Saint Bonaventure (c. 1217-1274) was born in Tuscany, Italy, of a noble family. He became a Franciscan friar, a bishop and later a cardinal.
His call to the monastic life was initiated by a miraculous cure received through the intercession of Saint Francis.
As a Franciscan, his intellectual talents were soon discovered and led him to teach and later to assume the job of Master of the Franciscan School at Paris.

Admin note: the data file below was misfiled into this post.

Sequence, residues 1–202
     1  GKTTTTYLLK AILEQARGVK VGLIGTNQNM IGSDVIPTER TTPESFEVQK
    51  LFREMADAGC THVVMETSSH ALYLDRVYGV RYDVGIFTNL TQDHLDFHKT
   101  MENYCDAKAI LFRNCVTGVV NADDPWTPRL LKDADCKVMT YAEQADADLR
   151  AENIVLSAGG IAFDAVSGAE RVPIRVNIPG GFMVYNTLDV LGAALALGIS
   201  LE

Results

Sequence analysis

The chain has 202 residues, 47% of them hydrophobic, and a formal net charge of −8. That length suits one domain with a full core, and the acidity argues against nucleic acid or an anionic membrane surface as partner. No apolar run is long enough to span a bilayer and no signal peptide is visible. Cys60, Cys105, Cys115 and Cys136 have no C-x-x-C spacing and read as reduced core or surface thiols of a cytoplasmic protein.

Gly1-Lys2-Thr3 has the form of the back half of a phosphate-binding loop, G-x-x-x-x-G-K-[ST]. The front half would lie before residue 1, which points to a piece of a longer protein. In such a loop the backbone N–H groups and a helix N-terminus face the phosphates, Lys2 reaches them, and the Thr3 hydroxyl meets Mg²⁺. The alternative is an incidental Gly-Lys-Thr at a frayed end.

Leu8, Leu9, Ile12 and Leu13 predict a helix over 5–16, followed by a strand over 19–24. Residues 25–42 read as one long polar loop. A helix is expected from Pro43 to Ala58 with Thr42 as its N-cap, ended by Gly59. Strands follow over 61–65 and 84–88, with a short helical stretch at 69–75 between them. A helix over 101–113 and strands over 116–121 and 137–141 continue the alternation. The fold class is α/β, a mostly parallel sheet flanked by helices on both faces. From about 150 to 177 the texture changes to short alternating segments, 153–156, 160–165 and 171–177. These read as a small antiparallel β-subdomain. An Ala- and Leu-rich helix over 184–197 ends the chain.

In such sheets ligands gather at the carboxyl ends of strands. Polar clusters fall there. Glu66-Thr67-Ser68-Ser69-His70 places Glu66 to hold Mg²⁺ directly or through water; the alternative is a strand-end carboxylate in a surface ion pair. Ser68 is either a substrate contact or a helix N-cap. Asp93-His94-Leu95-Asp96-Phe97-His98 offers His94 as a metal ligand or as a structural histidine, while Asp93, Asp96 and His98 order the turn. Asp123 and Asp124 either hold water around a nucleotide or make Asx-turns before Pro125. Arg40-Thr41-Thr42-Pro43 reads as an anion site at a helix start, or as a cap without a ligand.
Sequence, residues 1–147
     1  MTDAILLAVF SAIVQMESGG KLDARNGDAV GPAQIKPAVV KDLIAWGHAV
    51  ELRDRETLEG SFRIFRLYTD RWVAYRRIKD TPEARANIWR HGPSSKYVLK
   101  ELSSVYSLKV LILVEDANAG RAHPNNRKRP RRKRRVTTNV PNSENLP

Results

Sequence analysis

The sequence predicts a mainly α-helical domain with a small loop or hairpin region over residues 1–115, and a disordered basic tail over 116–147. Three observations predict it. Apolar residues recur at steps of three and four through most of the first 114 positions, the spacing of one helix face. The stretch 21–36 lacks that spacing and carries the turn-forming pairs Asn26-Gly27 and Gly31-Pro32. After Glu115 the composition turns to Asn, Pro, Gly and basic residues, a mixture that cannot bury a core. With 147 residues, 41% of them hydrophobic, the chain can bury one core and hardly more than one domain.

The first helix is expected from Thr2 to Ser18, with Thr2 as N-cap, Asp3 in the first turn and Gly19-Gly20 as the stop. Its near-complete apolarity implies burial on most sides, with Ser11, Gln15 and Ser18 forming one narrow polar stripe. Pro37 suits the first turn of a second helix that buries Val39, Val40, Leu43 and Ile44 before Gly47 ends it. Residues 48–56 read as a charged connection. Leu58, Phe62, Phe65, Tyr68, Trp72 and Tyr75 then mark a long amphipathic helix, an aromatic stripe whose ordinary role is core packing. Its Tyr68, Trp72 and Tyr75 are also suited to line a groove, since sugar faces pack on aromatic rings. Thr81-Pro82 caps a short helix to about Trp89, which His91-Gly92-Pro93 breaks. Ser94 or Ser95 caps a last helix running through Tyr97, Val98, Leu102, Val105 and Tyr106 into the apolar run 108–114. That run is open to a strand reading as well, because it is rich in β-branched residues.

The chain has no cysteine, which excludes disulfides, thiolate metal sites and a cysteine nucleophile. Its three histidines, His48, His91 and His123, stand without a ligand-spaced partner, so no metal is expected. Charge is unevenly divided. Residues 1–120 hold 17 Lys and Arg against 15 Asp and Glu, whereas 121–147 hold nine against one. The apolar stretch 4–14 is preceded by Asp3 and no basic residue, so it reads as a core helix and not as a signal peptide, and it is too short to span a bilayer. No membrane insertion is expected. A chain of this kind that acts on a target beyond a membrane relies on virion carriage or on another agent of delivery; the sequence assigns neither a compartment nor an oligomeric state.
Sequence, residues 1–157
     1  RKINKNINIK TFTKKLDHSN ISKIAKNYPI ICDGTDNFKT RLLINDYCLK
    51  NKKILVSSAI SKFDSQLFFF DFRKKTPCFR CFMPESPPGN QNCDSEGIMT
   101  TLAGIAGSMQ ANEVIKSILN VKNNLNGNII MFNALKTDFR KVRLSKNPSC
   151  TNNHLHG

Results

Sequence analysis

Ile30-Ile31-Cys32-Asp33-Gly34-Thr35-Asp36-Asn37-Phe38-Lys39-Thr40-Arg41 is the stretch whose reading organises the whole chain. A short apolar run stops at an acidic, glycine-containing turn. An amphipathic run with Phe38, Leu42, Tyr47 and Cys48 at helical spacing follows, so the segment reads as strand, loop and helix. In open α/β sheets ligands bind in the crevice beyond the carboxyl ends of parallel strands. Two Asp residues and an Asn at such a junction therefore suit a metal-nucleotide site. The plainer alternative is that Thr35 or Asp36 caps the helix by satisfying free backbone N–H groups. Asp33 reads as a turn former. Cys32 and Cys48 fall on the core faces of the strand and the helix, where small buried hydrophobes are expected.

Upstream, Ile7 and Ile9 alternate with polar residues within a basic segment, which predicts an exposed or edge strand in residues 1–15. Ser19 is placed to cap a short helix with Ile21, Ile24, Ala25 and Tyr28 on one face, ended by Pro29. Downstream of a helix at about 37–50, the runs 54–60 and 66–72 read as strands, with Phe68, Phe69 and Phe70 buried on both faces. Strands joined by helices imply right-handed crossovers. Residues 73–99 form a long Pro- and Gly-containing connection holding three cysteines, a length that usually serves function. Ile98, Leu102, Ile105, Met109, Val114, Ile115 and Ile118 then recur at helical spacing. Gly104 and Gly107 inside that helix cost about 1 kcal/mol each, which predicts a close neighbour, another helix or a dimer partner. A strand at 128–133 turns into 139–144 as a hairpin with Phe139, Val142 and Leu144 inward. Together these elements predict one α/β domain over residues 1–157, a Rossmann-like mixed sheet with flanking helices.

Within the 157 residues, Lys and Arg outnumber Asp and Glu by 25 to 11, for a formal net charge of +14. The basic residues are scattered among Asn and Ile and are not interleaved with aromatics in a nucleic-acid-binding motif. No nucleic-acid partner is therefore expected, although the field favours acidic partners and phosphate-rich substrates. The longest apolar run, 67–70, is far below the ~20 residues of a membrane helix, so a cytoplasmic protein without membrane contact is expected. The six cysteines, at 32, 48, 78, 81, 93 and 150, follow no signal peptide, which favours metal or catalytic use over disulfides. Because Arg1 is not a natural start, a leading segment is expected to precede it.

Bonaventure was a contemporary of Thomas Aquinas; however, his theological writings offer a different perspective. His thought contributed greatly to the Church Council at Lyons, during which he died. His most systematic and extensive work is his “Commentary on the Sentences” of Peter Lombard.
Bonaventure denied the doctrine of the Immaculate Conception of the Blessed Virgin Mary, and championed the knowledge given by God to Christians, as being far superior to all forms of mere human wisdom.
“The mouth of the righteous is exercised in wisdom: and his tongue will be talking of judgment.” (The day’s Gradual, page F 27, People’s Anglican Missal)